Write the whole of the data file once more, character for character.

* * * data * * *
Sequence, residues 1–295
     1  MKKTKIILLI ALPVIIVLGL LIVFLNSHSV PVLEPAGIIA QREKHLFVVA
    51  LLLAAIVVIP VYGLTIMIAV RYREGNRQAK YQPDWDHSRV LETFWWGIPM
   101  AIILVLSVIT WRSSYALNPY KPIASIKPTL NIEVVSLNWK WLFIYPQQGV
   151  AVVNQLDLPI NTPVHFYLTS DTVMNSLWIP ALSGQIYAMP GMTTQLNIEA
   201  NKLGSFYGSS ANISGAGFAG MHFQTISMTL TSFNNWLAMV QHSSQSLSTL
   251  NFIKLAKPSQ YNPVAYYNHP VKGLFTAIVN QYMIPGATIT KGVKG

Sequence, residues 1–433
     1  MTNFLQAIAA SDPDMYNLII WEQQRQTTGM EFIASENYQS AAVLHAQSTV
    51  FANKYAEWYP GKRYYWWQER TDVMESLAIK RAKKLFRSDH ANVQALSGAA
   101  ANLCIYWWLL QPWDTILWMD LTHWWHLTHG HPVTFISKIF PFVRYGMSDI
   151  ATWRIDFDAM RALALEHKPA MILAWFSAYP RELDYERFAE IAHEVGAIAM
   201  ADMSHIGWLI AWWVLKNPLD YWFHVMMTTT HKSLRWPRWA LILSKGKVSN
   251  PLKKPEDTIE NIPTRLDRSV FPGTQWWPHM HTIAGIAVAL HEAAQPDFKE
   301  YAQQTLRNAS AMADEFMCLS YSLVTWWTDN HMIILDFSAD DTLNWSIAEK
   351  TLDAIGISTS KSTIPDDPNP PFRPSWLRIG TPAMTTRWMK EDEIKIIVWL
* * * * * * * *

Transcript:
Sequence, residues 1–295
     1  MKKTKIILLI ALPVIIVLGL LIVFLNSHSV PVLEPAGIIA QREKHLFVVA
    51  LLLAAIVVIP VYGLTIMIAV RYREGNRQAK YQPDWDHSRV LETFWWGIPM
   101  AIILVLSVIT WRSSYALNPY KPIASIKPTL NIEVVSLNWK WLFIYPQQGV
   151  AVVNQLDLPI NTPVHFYLTS DTVMNSLWIP ALSGQIYAMP GMTTQLNIEA
   201  NKLGSFYGSS ANISGAGFAG MHFQTISMTL TSFNNWLAMV QHSSQSLSTL
   251  NFIKLAKPSQ YNPVAYYNHP VKGLFTAIVN QYMIPGATIT KGVKG

Sequence, residues 1–433
     1  MTNFLQAIAA SDPDMYNLII WEQQRQTTGM EFIASENYQS AAVLHAQSTV
    51  FANKYAEWYP GKRYYWWQER TDVMESLAIK RAKKLFRSDH ANVQALSGAA
   101  ANLCIYWWLL QPWDTILWMD LTHWWHLTHG HPVTFISKIF PFVRYGMSDI
   151  ATWRIDFDAM RALALEHKPA MILAWFSAYP RELDYERFAE IAHEVGAIAM
   201  ADMSHIGWLI AWWVLKNPLD YWFHVMMTTT HKSLRWPRWA LILSKGKVSN
   251  PLKKPEDTIE NIPTRLDRSV FPGTQWWPHM HTIAGIAVAL HEAAQPDFKE
   301  YAQQTLRNAS AMADEFMCLS YSLVTWWTDN HMIILDFSAD DTLNWSIAEK
   351  TLDAIGISTS KSTIPDDPNP PFRPSWLRIG TPAMTTRWMK EDEIKIIVWL